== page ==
Mounir Fatmi, message to open up the dialogue on life and death
"The Blind Man" edition4/5, 2017,700 x 500,pigment print on fine art

  • Mounir Fatmi, message to open up the dialogue on life and death

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Mounir Fatmi, message to open up the dialogue on life and death


Mounir Fatmi, whose works are currently on view at "Art Front Selection", kindly sent the gallery his special message on his work.

The installation view of exhibition : Art Front Selection 2021 spring

Born in Morocco in 1970, Mounir Fatmi lives and works in France. He has participated in various art festival including Venice Biennale, Sharjah Biennale, Setouchi Triennale (2016 / 19) and Tsumari Art Triennale (2018), having collection in Louvre Abu Dhabi, thus exhibiting in various venues in Europe, Middle East and Asia. His works encompass from installations, sculpture, painting, photo and video, out of which he produces freely unique installations, focusing issues of history, politics and religion in a chic way often with sense of humor.

The Blinding Light (2013-2016) France, 11 min 57, HD, B&W, stereo. Courtesy of the artist

This group exhibit is the first occasion to show his recent works since his solo exhibit “Mounir Fatmi: Peripheral Vision” (2017) at Art Front Galley. Now that all the countries including France and Japan suffer from the pandemic, the video work “The Blinding Light” which superimpose the classical art with current social situation sheds light on the question of life and death, cross-transplant of race and culture, the repetition of pandemic in the history.

The reaction as well as interpretation being left to the viewers, the artist will open up the dialogue on the life and death as follows.

I started the project The Blinding Light in 2013, inspired by a miraculous scene painted by Fra Angelico “The Healing of Deacon Justinian”. In this scene, the Arabian brothers perform a posthumous miracle when they graft on the deacon the leg of an Ethiopian man who had just been interred in Saint Peter’s cemetery. This scene evokes the mixing of a white body with a black limb, of the living with the dead and thus questions notions of race, hybridization and identity.

In the first series of "The Blinding Light" photomontages from 2013, various photographs showing an operating room with all its technology and hygiene are superimposed on this miraculous scene. As in the video of the same name, doctors stand alongside the two saints, forming one same workgroup. In this way, ghosts and living people are present in another form of reality, a fantasized temporality that is just as miraculous as a religious text.

In the 2014 The Blinding Light video, the superimposition of contemporary operation room photos with Fra Angelico’s work brings in an additional dimension. Adding to the idea of hybridization, the video creates a clever association between the Renaissance and hyper-modernity. This temporal ellipsis, superimposing different times and spaces, brings technology and anesthetics in a world that used to be governed by divine miracles. The characters in the painting thus become ghosts. Such a discrepancy forces the viewer to mentally go back and forth between the two eras. In this way, the superimposition of epochs brings forth the idea that a religious miracle is perfectly feasible in this day and age.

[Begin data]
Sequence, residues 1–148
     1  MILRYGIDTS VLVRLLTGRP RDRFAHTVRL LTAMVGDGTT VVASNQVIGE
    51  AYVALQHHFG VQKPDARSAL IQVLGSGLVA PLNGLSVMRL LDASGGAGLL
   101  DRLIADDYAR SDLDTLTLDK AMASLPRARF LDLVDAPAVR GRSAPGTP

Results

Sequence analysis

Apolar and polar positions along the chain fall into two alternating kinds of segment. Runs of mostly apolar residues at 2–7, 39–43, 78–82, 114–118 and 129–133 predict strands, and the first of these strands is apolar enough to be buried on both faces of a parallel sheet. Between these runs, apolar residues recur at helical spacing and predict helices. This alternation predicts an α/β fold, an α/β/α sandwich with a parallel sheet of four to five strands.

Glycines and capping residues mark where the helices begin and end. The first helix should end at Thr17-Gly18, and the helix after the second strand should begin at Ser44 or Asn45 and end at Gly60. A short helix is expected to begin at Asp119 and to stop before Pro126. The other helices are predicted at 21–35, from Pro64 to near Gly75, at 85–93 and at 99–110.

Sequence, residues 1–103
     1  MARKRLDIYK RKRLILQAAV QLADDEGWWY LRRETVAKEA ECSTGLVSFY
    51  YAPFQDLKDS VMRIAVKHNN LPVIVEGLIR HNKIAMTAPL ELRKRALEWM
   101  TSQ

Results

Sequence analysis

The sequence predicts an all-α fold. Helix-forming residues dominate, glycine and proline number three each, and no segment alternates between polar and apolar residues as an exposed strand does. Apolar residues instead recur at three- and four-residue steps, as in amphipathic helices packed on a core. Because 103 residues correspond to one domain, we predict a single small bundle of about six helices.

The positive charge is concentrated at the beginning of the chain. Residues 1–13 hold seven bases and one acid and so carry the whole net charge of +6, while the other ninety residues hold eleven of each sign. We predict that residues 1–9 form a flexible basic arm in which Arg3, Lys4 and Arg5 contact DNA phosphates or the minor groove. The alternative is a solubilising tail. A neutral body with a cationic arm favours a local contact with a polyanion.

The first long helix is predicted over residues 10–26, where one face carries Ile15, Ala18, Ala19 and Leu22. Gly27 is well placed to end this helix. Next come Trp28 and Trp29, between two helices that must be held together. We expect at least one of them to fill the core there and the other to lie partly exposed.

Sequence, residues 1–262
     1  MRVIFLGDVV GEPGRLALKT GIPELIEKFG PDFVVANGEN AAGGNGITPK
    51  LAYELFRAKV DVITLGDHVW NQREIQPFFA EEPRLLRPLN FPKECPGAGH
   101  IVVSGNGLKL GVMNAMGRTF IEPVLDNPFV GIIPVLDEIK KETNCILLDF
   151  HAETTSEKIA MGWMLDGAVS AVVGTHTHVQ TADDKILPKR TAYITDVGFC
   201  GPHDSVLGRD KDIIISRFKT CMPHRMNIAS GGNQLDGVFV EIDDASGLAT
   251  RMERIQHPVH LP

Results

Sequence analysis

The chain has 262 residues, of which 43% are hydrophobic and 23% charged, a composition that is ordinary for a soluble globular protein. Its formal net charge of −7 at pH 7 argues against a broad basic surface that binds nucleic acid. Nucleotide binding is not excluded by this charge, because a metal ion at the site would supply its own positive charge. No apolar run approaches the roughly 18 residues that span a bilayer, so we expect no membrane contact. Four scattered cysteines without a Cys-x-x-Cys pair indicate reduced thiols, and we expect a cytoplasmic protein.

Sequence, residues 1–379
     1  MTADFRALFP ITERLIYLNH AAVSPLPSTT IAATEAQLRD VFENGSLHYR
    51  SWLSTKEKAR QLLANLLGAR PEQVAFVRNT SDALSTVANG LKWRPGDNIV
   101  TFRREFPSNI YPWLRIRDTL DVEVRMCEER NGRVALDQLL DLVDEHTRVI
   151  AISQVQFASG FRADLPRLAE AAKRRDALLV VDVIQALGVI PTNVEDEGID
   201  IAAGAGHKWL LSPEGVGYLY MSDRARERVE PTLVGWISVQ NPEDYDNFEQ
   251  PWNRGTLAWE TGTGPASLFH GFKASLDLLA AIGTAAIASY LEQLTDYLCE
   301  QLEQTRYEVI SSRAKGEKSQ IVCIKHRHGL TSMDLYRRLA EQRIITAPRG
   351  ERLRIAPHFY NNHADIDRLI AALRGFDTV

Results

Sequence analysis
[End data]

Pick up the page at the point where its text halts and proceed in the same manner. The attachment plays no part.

The themes proposed, such as cultural grafting, notions of race, hybridization and identity, and the miracle as the result of the encounter between science and religion, are more and more current in a world now struck by a global pandemic, deeply affected by a virus that does not makes a distinction of race or social class.
With The Blinding Light, where the doctors rub shoulders with the two saints forming a single working group, I tried to cross unexpectedly two spheres of beliefs often seen as antagonists, but now more than ever seem to work together. On the one hand, that of science, order, and reason; And on the other hand, that of religion, with its reliance on faith, miracle and the sacred.

mounir fatmi, April 2021

"calligraphy of fire" 2017 stainless steeel, clamp

“Calligraphy of Fire #4” is also exhibited on this occasion: this work is composed of stainless cut-out of the Arabic letters from the Koran, transformed into a new work using clumps, abstracting the essence of phrases. This work represents the beauty of the danger, the sacred and the common, referring to the ambivalent to see the both aspects of one object.

Another work entitled “Archaeology”(which is not on view in this gallery show) also forces us to face directly the fact of death. Whatever the reason of the passing away, either by the violent action such as terrorism or by disease as pandemic, to live means to die, which the works of Fatmi convey through his art.

"Archaelogy"2016, broom, black flag, skeletons, 300 x 250 x 40 cm Courtesy of the artist

Fatmi’s installation “The Song of the Children All Gone” was developed at the abandoned school of Awashima in the Setouchi Triennale. In his renewed version 2019, the artist added to the poetic text on the rooftop of the school as well as a “passage of hurdles”, like jumping poles in other works.

"The song of the children all Gone" 2016

Art Front Selection 2021 spring
2021. Apr. 9 (Fri) - May 16 (Sun)